I also,think you’re right about Sansa. While she certainly gained an education of sorts with all her trials and tribulations she’s not in the same league as some of the other characters. I also wondered if she and Tyrion would have more to say to one another. Technically, they’re still man and wife, right?

    I really would have enjoyed seeing Ghost finding his way back to Winterfell. I wonder if we’ll ever see him again.

    *Actually, Ned would have executed him for the crime of being a slaver, something he resorted to to keep his then current wife in the style to which she wanted to be accustomed. He fled so he became an exile. Robert Baratheon offered him a pardon for his spying on Danny, but he had become enamoured by her at that point and refused to return to Westeros.
     
    #6787 purriwinkle, Apr 15, 2019 at 1:59 PM
    Last edited: Apr 15, 2019 at 5:38 PM
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  8. JEA13

    JEA13 Well-Known Member

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    Where the heck is ghost? I cant remember the last time I saw him on show.
     
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  9. purriwinkle

    purriwinkle Well-Known Member

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    Huh. Ya know, I can’t remember myself really. I don’t think we saw him killed, did we? There’s a chance he might show up.
     
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  10. JEA13

    JEA13 Well-Known Member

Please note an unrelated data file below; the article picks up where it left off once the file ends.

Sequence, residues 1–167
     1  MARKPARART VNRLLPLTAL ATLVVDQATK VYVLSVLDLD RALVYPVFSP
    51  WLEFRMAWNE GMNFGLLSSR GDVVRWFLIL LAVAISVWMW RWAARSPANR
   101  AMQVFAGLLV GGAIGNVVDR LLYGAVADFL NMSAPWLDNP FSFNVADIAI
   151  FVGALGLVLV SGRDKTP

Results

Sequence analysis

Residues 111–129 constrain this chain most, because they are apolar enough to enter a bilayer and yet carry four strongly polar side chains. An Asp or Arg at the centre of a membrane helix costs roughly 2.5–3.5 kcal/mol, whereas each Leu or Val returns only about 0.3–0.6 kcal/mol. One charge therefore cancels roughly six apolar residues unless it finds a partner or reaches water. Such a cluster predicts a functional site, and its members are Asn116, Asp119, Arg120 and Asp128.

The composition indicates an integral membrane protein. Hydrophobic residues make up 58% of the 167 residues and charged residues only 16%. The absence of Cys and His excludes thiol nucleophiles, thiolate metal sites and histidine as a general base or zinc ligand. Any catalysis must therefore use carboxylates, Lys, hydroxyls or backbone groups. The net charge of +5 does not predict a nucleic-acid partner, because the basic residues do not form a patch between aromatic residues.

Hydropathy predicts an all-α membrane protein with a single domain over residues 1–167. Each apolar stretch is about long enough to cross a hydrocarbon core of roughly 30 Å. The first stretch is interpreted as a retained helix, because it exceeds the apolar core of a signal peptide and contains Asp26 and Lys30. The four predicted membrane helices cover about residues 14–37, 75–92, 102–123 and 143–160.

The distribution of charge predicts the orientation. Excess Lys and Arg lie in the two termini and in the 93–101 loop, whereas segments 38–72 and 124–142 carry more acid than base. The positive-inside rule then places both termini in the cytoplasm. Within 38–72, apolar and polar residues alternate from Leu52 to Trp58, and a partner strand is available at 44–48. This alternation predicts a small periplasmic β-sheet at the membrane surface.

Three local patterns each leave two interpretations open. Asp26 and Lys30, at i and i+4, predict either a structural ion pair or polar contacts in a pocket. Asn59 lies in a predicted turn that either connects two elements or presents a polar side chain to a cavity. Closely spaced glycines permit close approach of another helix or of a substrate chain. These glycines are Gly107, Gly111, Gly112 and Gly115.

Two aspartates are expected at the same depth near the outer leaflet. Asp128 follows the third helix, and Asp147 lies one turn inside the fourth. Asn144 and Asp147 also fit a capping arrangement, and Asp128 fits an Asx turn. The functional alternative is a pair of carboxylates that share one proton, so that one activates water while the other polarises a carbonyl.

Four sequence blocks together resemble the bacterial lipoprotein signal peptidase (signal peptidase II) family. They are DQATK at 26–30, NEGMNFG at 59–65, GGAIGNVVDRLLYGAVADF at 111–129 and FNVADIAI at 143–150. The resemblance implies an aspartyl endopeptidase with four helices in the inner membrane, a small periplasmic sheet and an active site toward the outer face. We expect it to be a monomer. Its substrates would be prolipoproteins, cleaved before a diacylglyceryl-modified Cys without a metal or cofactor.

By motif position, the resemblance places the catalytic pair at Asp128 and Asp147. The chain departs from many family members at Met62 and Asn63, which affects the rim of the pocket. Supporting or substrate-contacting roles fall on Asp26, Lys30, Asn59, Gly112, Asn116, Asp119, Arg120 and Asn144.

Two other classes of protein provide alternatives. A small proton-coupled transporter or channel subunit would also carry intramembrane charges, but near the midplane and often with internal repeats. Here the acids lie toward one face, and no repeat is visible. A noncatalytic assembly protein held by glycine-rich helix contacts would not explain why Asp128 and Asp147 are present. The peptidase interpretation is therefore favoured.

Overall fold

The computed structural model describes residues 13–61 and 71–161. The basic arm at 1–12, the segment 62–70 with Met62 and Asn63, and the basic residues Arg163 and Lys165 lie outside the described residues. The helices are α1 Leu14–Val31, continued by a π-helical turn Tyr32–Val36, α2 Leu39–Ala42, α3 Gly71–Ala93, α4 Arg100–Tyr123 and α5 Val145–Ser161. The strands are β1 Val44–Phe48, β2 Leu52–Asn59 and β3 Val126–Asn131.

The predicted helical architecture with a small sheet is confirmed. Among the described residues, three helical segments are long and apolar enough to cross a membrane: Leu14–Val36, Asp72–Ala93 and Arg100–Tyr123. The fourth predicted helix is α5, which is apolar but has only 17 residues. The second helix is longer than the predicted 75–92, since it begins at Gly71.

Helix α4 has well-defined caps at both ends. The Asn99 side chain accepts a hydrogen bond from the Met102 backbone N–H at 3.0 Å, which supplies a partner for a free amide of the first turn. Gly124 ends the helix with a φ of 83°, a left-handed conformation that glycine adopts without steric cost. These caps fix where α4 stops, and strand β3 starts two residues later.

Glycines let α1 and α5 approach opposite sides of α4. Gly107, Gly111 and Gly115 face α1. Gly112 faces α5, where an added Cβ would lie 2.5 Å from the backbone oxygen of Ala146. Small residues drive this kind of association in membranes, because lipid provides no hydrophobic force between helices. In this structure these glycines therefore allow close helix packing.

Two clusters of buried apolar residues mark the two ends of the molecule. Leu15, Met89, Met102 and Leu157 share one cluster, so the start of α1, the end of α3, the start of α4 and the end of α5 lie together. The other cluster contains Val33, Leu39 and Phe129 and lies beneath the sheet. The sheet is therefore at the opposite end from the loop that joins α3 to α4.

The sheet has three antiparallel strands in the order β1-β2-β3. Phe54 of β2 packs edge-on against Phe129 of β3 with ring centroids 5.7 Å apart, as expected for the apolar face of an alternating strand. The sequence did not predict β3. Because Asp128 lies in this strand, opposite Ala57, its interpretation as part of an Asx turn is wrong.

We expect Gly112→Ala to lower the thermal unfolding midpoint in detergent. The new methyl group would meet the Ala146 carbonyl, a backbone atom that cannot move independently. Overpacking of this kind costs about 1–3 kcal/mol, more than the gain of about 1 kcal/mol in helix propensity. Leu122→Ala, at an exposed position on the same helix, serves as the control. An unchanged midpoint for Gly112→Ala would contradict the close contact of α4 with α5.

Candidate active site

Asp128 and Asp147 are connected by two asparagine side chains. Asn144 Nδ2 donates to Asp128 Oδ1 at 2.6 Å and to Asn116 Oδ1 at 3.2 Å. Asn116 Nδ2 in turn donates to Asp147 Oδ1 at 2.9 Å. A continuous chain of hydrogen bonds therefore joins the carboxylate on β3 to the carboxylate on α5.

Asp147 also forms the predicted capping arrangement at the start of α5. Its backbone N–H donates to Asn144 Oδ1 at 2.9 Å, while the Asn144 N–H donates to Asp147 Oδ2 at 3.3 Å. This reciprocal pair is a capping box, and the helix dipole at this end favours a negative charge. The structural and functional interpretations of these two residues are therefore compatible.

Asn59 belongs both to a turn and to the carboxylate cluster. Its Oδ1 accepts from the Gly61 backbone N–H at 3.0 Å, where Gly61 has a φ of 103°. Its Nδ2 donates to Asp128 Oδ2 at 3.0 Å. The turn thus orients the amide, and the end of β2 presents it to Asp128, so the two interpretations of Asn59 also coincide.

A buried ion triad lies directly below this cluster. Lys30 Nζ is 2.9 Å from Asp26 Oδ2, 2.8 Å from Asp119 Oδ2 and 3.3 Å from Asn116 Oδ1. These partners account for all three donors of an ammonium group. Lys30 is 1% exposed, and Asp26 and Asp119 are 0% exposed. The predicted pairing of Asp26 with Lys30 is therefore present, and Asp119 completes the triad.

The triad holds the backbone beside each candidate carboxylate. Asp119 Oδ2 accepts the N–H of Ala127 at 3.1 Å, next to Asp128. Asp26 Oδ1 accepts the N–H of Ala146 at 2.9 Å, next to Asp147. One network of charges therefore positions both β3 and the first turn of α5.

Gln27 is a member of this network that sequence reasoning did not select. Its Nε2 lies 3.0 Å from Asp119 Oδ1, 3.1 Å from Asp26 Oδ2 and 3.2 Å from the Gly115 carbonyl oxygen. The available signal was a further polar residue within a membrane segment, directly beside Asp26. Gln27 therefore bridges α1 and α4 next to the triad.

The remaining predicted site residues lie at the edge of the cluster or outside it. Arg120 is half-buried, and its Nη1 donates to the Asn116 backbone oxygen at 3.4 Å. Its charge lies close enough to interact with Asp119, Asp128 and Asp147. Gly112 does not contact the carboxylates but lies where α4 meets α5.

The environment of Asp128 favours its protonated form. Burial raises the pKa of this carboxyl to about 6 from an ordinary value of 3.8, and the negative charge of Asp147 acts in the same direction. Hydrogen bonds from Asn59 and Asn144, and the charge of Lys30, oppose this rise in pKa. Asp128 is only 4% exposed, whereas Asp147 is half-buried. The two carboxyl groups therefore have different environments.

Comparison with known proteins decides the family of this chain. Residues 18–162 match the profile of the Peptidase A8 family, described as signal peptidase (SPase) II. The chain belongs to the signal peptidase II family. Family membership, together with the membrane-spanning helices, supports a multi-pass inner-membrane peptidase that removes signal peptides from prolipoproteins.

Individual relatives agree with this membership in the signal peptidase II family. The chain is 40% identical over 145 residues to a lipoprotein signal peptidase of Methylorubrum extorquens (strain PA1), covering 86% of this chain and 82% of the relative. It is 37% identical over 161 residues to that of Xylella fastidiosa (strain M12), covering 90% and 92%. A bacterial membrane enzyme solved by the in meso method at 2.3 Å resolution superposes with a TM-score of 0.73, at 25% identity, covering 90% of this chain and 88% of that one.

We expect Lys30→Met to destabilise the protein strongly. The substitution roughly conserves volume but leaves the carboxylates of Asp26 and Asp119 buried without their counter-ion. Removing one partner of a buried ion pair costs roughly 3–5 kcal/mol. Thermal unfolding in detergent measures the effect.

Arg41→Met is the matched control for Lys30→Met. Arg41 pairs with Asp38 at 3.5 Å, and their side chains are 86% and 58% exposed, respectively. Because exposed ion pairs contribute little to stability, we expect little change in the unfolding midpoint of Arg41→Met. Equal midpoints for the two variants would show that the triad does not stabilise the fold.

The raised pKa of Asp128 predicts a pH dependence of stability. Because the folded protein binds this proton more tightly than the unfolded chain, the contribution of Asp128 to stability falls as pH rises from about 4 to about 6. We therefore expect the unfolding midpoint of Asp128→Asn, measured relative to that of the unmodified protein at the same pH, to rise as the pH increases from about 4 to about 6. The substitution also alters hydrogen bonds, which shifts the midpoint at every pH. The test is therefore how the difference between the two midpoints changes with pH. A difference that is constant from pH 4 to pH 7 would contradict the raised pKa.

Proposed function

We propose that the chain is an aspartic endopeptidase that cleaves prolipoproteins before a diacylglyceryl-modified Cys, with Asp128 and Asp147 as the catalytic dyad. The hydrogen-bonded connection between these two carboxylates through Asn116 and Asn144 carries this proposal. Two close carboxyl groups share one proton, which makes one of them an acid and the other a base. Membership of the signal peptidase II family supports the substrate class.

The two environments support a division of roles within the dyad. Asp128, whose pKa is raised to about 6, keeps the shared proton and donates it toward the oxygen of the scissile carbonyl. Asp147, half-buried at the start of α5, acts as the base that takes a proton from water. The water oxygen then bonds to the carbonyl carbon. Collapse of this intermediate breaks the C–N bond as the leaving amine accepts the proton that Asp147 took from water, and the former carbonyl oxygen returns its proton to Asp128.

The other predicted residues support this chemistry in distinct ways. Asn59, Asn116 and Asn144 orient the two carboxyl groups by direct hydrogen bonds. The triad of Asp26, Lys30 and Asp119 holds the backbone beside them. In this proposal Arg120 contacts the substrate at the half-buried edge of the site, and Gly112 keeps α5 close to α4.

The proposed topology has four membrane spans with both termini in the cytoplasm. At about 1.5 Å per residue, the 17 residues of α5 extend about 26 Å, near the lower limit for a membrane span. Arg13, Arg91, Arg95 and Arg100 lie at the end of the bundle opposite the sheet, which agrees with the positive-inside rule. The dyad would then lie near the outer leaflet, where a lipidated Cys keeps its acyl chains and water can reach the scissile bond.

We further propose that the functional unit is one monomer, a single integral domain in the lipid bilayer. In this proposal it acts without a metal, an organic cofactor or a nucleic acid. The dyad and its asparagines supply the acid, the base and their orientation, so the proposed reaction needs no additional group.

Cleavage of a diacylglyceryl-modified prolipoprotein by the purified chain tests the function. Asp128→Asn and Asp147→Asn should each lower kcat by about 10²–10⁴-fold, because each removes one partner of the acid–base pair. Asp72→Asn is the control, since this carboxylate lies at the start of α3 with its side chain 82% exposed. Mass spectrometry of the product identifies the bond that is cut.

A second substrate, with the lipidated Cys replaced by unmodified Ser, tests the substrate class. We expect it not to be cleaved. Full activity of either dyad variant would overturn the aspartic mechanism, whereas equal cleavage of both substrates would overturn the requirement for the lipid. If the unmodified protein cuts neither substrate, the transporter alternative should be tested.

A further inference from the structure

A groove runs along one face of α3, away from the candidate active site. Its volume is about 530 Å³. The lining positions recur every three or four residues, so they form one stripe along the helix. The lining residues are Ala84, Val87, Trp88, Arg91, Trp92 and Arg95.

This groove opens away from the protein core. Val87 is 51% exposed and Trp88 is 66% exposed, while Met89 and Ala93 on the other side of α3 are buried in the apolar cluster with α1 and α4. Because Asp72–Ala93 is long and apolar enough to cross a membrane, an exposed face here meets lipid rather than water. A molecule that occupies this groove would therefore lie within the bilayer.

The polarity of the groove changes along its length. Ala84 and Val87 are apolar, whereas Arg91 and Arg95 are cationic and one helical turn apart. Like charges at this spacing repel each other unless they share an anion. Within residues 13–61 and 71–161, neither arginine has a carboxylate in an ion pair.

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    I've seen several people on you tube who have brought up resemblance the spiral pattern made by the White walkers using body parts of humans and even horses (3 episodes I can remember) to the spiral pattern Targaryan dragon symbol makes. I dont know if they are on to something or mere coincidence . I have a T shirt with the dragons and it does appear spirallike. In this episode it was the scene with the Umber boy hanging surrounded by arms. The other scenes were early seasons so perhaps something George Martin told them?
     
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  11. TDogResurrected

    TDogResurrected Active Member

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    The white walkers handled the umbers/last hearth really quickly. I wonder how long the Karstarks will be able to hold out. Probably about the same. The Norths strength/men have been dying in the war of the 5 kings, and in the battle of the bastards (mainly bolton/umber/karstark men Jon was fighting against). AFTER the Karstarks, I wonder where the night king will go next... SOO PUMPED